Posted by: vanessalamborn | February 1, 2011

Week 3 – Lawyers for Human Rights

By Vanessa Lamborn

Hebo Umlungu!

Well I’ve been in South Africa for nearly three weeks and have undertaken the first two weeks of my placement at Lawyers for Human Rights in the Durban office. My placement is focused on the refugee and migrant rights project, which means that all my clients are refugees. I started my first day in reception doing client intakes which involved greeting new clients, talking to them about what their legal problems are and than typing up a brief report to be passed on to the lawyers. This in itself was a confronting experience. My first ‘client’ was a twelve year old girl who had travelled from the DRC through Zambia and Zimbabwe to arrive in South Africa by herself. She was reunited with a relative who had been in South Africa for a few years and had gained refugee status. Our clients seek refuge from many different countries, primarily the DRC, Zimbabwe and Ethiopia, but we also have files from Iran, Kirghizia and China amongst other places. The bulk of the work that I undertake at Lawyers for Human Rights is helping clients who have had their refugee applications dismissed appeal that decision.

Refugee law in South Africa is quite different to Australia in that every person who crosses into South Africa to seek asylum will immediately be granted a temporary asylum seeker permit. This entitles the asylum seeker to work and study within the community. Their application for refugee status is than processed by the Department of Home Affairs and depending on whether or not they fit the criteria, they will be deported or granted a temporary refugee permit which is periodically reviewed.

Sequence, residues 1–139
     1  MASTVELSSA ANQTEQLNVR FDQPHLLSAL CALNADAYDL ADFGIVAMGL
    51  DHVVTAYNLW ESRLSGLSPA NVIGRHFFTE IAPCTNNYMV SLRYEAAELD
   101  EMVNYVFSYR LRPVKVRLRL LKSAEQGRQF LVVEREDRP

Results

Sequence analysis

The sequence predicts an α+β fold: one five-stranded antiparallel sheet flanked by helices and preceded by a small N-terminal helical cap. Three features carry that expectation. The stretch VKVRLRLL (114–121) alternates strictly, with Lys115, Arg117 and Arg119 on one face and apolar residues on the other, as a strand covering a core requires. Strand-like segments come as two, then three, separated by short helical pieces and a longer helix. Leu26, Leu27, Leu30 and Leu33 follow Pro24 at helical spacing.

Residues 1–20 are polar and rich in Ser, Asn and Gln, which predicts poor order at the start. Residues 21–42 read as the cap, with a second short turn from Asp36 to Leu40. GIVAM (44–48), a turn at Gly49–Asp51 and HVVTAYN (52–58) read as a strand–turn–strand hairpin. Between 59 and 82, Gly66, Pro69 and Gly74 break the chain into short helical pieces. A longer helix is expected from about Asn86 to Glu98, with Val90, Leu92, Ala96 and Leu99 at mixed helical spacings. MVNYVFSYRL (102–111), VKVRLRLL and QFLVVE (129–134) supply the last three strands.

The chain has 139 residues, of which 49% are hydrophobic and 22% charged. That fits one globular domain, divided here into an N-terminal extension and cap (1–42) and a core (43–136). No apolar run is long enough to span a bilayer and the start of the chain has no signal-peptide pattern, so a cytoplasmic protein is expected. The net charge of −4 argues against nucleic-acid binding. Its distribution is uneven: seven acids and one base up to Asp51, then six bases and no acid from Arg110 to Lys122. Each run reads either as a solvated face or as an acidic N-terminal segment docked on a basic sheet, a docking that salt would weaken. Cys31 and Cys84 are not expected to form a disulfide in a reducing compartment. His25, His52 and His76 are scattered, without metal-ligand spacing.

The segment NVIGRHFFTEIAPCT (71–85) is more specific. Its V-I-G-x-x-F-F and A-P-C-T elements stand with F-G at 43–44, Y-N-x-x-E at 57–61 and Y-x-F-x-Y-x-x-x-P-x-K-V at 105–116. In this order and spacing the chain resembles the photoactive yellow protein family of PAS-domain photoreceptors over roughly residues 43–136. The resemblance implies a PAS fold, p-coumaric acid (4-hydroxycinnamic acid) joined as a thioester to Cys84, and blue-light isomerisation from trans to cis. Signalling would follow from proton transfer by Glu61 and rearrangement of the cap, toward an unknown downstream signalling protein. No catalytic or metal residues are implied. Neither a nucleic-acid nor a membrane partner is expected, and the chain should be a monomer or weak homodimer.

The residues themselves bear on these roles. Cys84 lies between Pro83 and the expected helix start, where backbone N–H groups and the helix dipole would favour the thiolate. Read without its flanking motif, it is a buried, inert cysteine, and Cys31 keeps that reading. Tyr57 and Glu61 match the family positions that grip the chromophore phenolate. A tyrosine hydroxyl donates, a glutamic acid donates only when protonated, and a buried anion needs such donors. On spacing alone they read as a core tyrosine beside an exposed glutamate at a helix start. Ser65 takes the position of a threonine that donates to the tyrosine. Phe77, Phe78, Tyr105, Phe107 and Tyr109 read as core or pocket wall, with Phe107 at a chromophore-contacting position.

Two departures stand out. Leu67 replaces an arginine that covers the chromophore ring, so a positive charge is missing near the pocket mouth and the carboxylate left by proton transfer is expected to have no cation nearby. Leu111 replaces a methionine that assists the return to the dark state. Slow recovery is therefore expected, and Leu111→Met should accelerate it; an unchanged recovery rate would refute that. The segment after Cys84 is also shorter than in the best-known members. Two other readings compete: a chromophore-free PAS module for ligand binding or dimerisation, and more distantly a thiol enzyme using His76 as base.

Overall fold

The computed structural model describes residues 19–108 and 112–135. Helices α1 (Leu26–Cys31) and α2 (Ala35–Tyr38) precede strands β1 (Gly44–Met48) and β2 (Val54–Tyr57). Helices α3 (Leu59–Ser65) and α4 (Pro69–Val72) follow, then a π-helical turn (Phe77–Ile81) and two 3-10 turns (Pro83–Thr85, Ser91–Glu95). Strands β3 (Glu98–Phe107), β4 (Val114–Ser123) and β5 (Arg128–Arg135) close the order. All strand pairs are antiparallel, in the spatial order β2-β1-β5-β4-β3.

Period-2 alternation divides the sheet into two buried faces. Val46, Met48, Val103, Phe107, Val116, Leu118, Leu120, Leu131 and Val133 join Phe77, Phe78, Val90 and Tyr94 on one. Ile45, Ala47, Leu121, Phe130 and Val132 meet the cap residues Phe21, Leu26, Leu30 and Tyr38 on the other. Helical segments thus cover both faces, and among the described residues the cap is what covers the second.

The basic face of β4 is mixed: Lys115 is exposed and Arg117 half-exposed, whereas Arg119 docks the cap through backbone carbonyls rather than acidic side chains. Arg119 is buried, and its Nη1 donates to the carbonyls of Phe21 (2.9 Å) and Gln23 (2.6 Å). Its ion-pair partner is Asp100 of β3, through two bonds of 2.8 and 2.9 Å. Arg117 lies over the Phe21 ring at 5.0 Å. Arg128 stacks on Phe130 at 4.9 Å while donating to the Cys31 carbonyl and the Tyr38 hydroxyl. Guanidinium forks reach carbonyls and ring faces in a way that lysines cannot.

One of the challenging aspects of the placement so far has been in realising the gap between what a law seems to say and what its actual effect is. According to South African legislation, to be classified as a refugee one must be outside their country of origin and have a well founded fear of persecution based on at least one of six characteristics; race, tribe, religion, nationality, political opinion or membership to a social group. Although this definition seems likely to cover most people escaping the desperate violence and poverty that exists in many African villages, less than 1% of our clients will successfully appeal their decision.

Most asylum seekers are unable to satisfy the heavy burden of proof to show they had a ‘well founded’ fear of persecution and that this persecution was based on one of the above mentioned attributes. Many asylum seekers, despite the horrible stories of witnessing mass rape and violence, ultimately come to South Africa for a better life and are thus labelled economic migrants who do not satisfy the requisite criteria to be classified as a refugee. Although many of our clients will ultimately be deported, the Department of Home Affairs is so overwhelmed by the number of asylum applications that the full process of applying for status, being rejected and appealing can take about eight years. This means that often the situation in the asylum seekers country of origin may have stabilised and many asylum seekers are able to complete schooling or university in South Africa before they return home.

So far work at Lawyers for Human Rights has allowed me to gain an insight into the lives of people from all over Africa and to accept the realities of a legal framework that cannot provide for all.

Vanessa


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